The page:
NEW YORK (Reuters) - Despite his best efforts to stay removed from politics, Federal Reserve Chairman Ben Bernanke has waded into the controversial debate about growing income inequality in the United States.
At issue are loopholes in the U.S. tax system that allow high-earning private equity and hedge fund investors to claim most of their incomes as capital gains rather than regular income. This lets them to be taxed at only a 15 percent rate, barely half what many working Americans must pay.
Asked during Congressional testimony last week if the tax system was partly to blame for the rising gap in incomes between rich and poor in the U.S., Bernanke said: “Tax policy is not the major factor. The major factors are technological change. And to a lesser extent globalization.”
But critics say this stance gives short-shrift to evidence showing taxes can play a part in altering disparities between rich and poor.
“Tax policy can definitely play a role in mitigating inequality,” said Len Burman, director of the Tax Policy Center in Washington. “It’s kind of ironic that over the past six years, as inequality has widened to its worst levels since the Great Depression, the tax system has become much more regressive.”
By Bernanke’s own admission, income inequality has increased sharply over the last three decades.
Between 1979 and 2006, the Fed chairman noted in a speech earlier this year, income for the top 10 percent of U.S. earners rose 34 percent, while wages for the poorest 10 percent advanced just 4 percent.
The gulf gets even more striking at the very top of the ladder. Between 2004 and 2005, the average income of the top 1.0 percent of U.S. households increased by $102,000 after adjusting for inflation, according to the Center on Budget and Policy Priorities. In contrast, the average income of the bottom 90 percent of households increased by $250.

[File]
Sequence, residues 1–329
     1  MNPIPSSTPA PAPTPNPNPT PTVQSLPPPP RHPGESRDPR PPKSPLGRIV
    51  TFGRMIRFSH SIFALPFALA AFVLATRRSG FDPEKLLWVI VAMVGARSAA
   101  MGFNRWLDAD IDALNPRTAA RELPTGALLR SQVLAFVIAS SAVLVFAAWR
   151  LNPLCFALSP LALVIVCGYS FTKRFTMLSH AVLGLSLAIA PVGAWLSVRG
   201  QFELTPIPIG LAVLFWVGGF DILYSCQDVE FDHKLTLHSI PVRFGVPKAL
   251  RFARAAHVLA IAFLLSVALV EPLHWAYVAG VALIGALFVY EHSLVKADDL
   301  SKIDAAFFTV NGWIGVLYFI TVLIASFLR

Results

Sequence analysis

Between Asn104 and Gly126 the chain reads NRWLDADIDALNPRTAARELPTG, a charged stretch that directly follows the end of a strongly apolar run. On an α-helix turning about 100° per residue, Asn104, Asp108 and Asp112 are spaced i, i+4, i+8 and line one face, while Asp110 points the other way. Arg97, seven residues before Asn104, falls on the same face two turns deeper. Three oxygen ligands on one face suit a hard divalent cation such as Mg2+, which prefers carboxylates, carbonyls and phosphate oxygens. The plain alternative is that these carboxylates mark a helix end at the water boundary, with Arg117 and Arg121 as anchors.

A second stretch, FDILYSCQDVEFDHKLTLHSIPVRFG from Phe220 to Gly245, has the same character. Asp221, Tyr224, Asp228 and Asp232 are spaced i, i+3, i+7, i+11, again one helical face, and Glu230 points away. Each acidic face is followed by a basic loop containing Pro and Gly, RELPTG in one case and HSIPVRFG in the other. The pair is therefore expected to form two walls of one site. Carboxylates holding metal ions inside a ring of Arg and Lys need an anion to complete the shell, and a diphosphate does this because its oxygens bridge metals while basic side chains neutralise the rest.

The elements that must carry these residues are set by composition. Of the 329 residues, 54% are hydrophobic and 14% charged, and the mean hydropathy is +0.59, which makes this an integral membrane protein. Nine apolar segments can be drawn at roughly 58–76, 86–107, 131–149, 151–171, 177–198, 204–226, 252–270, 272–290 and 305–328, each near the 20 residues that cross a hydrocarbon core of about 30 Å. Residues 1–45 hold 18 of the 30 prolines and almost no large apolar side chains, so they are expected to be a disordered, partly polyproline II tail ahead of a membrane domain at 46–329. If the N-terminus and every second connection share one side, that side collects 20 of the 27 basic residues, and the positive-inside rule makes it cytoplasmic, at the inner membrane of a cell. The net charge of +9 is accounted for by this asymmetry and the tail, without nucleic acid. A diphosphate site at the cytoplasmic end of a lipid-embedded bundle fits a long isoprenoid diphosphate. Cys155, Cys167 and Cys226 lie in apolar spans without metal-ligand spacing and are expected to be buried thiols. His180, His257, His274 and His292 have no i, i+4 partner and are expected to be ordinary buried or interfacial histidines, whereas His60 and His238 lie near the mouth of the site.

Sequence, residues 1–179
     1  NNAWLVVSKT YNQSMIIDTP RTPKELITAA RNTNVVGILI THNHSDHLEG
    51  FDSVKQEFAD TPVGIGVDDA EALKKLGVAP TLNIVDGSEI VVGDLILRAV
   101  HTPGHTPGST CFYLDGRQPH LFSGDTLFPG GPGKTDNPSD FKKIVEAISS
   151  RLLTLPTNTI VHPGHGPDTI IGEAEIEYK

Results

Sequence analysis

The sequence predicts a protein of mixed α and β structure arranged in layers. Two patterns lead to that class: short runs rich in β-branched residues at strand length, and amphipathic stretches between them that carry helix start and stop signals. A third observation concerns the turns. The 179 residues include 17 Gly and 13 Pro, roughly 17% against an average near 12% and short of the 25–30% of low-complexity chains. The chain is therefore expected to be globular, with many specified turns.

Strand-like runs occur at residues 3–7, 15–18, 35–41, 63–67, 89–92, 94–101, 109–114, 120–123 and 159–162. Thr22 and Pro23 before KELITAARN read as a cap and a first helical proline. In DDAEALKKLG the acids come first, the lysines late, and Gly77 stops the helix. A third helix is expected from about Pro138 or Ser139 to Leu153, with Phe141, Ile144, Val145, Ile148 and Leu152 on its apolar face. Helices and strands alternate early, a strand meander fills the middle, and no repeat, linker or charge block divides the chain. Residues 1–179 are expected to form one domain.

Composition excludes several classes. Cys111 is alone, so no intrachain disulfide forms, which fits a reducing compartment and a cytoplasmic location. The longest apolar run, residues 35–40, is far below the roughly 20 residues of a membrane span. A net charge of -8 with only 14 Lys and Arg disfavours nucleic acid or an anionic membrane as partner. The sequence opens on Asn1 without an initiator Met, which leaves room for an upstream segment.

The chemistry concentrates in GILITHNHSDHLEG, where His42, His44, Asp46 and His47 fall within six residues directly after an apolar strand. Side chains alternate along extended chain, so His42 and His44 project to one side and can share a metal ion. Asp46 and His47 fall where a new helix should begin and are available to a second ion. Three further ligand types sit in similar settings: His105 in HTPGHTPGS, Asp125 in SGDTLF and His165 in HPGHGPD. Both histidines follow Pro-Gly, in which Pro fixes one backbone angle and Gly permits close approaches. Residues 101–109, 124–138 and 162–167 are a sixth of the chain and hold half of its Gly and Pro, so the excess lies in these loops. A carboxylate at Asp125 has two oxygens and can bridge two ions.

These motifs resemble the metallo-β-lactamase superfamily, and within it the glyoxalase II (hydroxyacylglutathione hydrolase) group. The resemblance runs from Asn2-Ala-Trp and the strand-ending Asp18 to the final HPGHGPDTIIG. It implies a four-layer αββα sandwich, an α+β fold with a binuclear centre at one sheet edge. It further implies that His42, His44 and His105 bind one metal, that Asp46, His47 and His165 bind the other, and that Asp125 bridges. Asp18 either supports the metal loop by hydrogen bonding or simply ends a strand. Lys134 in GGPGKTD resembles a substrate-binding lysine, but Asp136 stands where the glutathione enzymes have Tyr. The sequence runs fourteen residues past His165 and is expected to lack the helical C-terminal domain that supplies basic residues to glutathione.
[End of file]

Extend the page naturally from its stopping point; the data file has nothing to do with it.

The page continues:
With this in mind, Democrats in the U.S. Congress introduced a bill last month aimed at putting an end to the tax rules for hedge funds and private equity partnerships, making many on Wall Street nervous.
Proponents of the existing tax structure, including the Fed Chairman, argue it encourages risk-taking and entrepreneurship. Without it, they say, economic growth would suffer.
“There’s talk in Washington D.C. right now about raising taxes on hedge fund managers. I think it’s a terrible idea,” says Donald Luskin, chief investment officer at Trend Macrolytics in Menlo Park, California. “We need more people to do more investing. And whenever you raise the taxes on something, you get less of it.”
Yet detractors argue there is nothing entrepreneurial about making speculative bets with other people’s money, which is essentially what investment vehicles like hedge funds and private equity funds do.
“These investors take what looks to most people like ordinary income and convert it to capital gains treatment. It’s very hard to justify,” said John Podesta, who served as White House chief of staff under Bill Clinton and is now head of the Center for American Progress in Washington.
Princeton economist and New York Times columnist Paul Krugman proposed in a recent article that these investors were more like “a waitress whose income depends on a mix of wages and tips” than “an entrepreneur who sinks his life savings into a new business.”
PIMCO fund manager Bill Gross, who manages over $100 billion himself, agrees.
“Of course the wealthy fire back in cloying self-justification, stressing their charitable and philanthropic pursuits,” Gross wrote in his latest investment outlook.
“Perhaps. But with exceptions for the Gates and Buffetts, the inefficiencies of wealth redistribution by the Forbes 400 mega-rich and their wannabes are perhaps as egregious and wasteful as any government agency, if not more.”
Even billionaire investor Warren Buffet has derided the U.S. tax system for unfairly favoring the rich: “If you’re the luckiest one percent of humanity, you owe it to the rest of humanity to think about that other 99 percent.”